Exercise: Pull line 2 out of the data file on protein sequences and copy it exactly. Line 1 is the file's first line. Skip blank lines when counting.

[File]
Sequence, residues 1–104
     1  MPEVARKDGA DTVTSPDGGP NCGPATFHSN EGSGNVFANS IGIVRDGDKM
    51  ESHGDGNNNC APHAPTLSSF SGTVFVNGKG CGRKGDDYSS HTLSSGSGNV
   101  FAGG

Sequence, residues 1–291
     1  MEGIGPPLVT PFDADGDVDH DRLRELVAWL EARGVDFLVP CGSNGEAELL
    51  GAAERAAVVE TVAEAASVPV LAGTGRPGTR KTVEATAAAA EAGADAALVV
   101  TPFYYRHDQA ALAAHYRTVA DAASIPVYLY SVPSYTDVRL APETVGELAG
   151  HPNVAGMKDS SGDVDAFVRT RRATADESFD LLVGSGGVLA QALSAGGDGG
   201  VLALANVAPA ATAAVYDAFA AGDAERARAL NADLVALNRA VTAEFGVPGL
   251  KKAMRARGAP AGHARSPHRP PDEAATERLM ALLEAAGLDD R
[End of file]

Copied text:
     1  MPEVARKDGA DTVTSPDGGP NCGPATFHSN EGSGNVFANS IGIVRDGDKM